Bernstein, Mark 1950-
BERNSTEIN, Mark 1950-
Born January 30, 1950.
Home—830 Xenia Ave., Yellow Springs, OH 45387.
Writer of history and biography.
Paper with Presence: A Gilbert Century, Gilbert Paper (Menasha, WI), 1987.
Miami Valley Hospital: A Centennial History, Miami Valley Hospital Society (Dayton, OH), 1990.
Grand Eccentrics: Turning the Century: Dayton and the Inventing of America, Orange Frazer Press (Wilmington, OH), 1996.
New Bremen, Orange Frazer Press (Wilmington, OH), 1999.
New Bremen 2000, Orange Frazer Press (Wilmington, OH), 2000.
(With Alex Lubertozzi) World War II on the Air, Sourcebooks MediaFusion (Naperville, IL), 2003.
Work has appeared in the Smithsonian, American Heritage of Invention & Technology, and Ohio magazine.
Mark Bernstein is a contemporary historian whose works have explored important developments in American history and their effects on popular culture and technology. From a paper company to a small Midwestern town to turn-of-the-twentieth-century inventors to radio coverage during World War II, Bernstein has often focused on small but key events and places in an effort to explore American life and consciousness.
In his first two books, Bernstein researches the history of two Midwestern organizations, Miami Valley Hospital in Ohio and Gilbert Paper in Wisconsin. His next book, Grand Eccentrics: Turning the Century: Dayton and the Inventing of America, focuses on six key inventers and entrepreneurs in the Midwest and their role in the technological developments of the last century. Outlining Dayton, Ohio's role in creating the American twentieth century, Bernstein catalogues the achievements of Orville and Wilbur Wright, Charles Kettering, John H. Patterson, Arthur Morgan, and James Cox. New Bremen, his next history paints a picture of a small city through interviews with its residents. His research for the book was later combined with Bob Flischel's photography of the town to create New Bremen 2000.
Bernstein's work gained the attention of national critics with the publication of World War II on the Air, an account of the development of war journalism that was coauthored with Alex Lubertozzi. It chronicles the work of the journalistic team assembled by Edward R. Murrow—known as "Murrow's boys"—that covered World War II by radio for the American public. Bernstein and Lubertozzi show the difficulty and importance of the coverage, which has greatly influenced foreign journalism up to the present. The book is accompanied by a compact disc, narrated by CBS anchorman Dan Rather, that provides readers with samples of Murrow's team's correspondence. Richard McCann of the Decatur Daily remarked of the book that it is "well done, but not an in-depth history of the war nor of war correspondence. The focus is on Murrow's CBS radio team and the narrative covers highlights of the conflict they reported and the politics that preceded it." Several critics appreciated the popular aspect of Bernstein and Lubertozzi's history, and many praised the inclusion of the radio news correspondence with the book. The Columbia Journalism Review's James Boylan remarked on the interest added by the compact disc, though he observed that ultimately "the CD is more gripping than the text." Writing in Booklist, however, Roland Green acknowledged Bernstein for his "solid contribution to media history," and Mark Ellis, a critic for Library Journal, felt World War II on the Air gives "a thrilling sense of what it was like for Americans following the war at home in their living rooms."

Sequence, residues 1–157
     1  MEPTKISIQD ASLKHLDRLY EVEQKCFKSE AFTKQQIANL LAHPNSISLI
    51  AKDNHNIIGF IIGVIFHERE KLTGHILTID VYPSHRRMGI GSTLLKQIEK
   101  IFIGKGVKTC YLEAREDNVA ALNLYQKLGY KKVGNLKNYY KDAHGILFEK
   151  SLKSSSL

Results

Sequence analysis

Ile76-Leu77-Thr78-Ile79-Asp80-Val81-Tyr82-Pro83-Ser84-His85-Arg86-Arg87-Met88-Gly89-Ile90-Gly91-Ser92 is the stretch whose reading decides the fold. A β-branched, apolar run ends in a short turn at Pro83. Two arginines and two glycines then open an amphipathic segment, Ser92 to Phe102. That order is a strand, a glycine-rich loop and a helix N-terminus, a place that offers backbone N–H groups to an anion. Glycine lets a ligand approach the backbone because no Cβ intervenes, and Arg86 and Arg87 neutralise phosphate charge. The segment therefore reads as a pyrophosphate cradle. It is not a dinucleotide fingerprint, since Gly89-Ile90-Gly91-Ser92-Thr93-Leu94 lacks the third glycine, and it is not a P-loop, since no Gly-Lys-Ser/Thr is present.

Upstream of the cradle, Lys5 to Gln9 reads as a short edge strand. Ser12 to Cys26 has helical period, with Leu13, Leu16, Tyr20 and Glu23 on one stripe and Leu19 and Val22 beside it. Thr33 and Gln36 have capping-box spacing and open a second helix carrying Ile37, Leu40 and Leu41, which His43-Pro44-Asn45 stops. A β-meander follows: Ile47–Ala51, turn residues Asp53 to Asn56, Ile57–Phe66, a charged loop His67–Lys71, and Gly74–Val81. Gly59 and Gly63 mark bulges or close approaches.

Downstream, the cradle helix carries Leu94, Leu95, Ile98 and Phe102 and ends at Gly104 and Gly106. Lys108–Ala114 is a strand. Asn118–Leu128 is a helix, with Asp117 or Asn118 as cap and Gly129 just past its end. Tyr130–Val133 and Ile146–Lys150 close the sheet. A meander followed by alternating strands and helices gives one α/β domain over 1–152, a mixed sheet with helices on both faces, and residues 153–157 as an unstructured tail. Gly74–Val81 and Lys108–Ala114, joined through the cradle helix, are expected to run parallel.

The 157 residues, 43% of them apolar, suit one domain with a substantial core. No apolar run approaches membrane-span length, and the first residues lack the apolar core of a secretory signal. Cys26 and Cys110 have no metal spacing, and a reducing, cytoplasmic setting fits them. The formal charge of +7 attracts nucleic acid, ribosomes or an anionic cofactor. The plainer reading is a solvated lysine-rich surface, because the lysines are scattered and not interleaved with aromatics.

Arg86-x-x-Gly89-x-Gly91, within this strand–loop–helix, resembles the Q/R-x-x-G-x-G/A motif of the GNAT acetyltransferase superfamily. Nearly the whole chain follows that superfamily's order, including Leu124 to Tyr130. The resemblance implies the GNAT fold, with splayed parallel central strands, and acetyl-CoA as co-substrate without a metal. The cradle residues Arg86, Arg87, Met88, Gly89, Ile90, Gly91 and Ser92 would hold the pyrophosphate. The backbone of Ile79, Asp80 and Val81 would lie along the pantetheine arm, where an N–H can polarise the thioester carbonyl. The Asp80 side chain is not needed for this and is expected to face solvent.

BIOGRAPHICAL AND CRITICAL SOURCES:
Booklist, May 1, 2003, Roland Green, review of World War II on the Air, p. 1556.
Columbia Journalism Review, September-October, 2003, James Boylan, review of World War II on the Air, p. 57.
Library Journal, May 1, 2003, Mark Ellis, review of World War II on the Air, p. 133.
Publishers Weekly, April 21, 2003, review of World War II on the Air, p. 53.
School Library Journal, June, 2003, Mary Mueller, review of World War II on the Air, p. 155.
Decatur Daily Online,http://www.decaturdaily.com/ (October 22, 2003), Richard McCann, September 28, 2003, review of World War II on the Air.*